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‘They Took My Life’: Charges Permanently Dropped Against Woman Who Fatally Shot Ex During Attempted Rape
“The State of Montana again attempted to silence my voice,” Rachel Bellesen said in a statement after she was permanently cleared of murder charges in the shooting of her abusive ex-husband, Jacob Glace.
A Montana judge has permanently dismissed murder charges against a domestic violence advocate who shot and killed her ex-husband during an attempted rape last year.
Rachel Bellesen, 38, was cleared this week in the shooting death of her ex-husband, Jacob Glace, in a rare ruling following months of pressure from local activists.
A Sanders County judge dropped charges with prejudice against Bellesen on Tuesday, according to court documents obtained by Oxygen.com. The ruling guarantees protection from any future prosecution against Bellesen.
“It’s kind of surreal in a way,” her attorney, Lance Jasper, told Oxygen.com. “I never pictured myself ever going in and saying, ‘Wait, a dismissal is not good enough.’”
Jasper said the ruling provided healing and closure after months of legal purgatory.
“Yesterday was a day to celebrate,” he added. “For her to heal ... she needed the dismissal of prejudice. And it was the right thing to do.”
Last month, prosecutors indicated they’d planned to dismiss charges against Bellesen “without prejudice.” Bellesen’s legal team and her supporters, however, were vehemently opposed to that outcome, arguing she could still technically face charges at a later date.
Jasper filed a motion to dismiss “with prejudice” — a rarely granted legal request — that would block any further prosecution of the matter.
“If they dismiss without prejudice they can refile and this hangs over Rachel’s head, nobody else’s,” Jasper explained. “It’s not a case of who did it. ... If the state’s allowed to do this, the only person in this whole thing that ends up suffering — and suffers for the rest of their life — is Rachel Bellesen."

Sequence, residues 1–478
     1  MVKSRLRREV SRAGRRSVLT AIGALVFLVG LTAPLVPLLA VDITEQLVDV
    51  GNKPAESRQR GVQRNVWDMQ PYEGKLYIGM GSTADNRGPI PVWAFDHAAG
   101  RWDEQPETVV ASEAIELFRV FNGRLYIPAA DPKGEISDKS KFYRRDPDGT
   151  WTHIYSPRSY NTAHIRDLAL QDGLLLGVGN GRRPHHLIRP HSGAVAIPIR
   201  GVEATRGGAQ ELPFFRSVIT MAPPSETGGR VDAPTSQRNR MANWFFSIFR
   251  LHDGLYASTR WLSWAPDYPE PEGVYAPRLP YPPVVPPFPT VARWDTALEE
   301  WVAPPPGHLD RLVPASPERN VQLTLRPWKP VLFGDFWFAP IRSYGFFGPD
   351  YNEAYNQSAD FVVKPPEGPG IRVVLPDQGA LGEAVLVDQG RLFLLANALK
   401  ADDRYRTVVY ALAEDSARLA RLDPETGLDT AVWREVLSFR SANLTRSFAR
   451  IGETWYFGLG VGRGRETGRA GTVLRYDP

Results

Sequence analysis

Bellesen unleashed a series of scathing remarks targeting prosecutors and police officials who’d worked to put her behind bars in a statement this week.
“Much like Jake [her ex-husband] tried so hard to do over the course of more than 20 years, the State of Montana again attempted to silence my voice,” Bellesen said in a statement sent to Oxygen.com. “At the very start, they declared me a murderer, claimed I executed an innocent man in cold blood. They took my life, the lives of my loved ones, ripped it all apart with their horrible claims, and then tried to just walk away when they realized that they had no case.”
Bellesen, who described her ex-husband as a “serial abuser,” specifically called out prosecutors’ failed efforts to protect sexual violence survivors as “dodgy” and “pitiful.”
“It was eerily similar to when an abuser attacks you — and then tries to serve a sad excuse of apology with a bouquet of flowers the next morning, expecting you to just take them in gratitude, say nothing, and go on about your day like nothing happened,” she added. “No.”
The Sanders County Attorney’s office didn’t immediately respond to Oxygen.com’s request for comment regarding the ruling.
Bellesen opened fire on Glace after he’d allegedly attempted raping her twice on Oct. 8. He died of multiple gunshot wounds. At the time of the shooting, the former couple had been in a dispute over their son’s sexual orientation. Bellesen, who described her ex-husband as homophobic, said he had previously threatened to “beat the gayness out” of their son.
Bellesen, who reported the shooting, showed physical signs of trauma consistent with sexual assault, according to medical records. County prosecutors, however, quickly moved to file charges against her in the killing.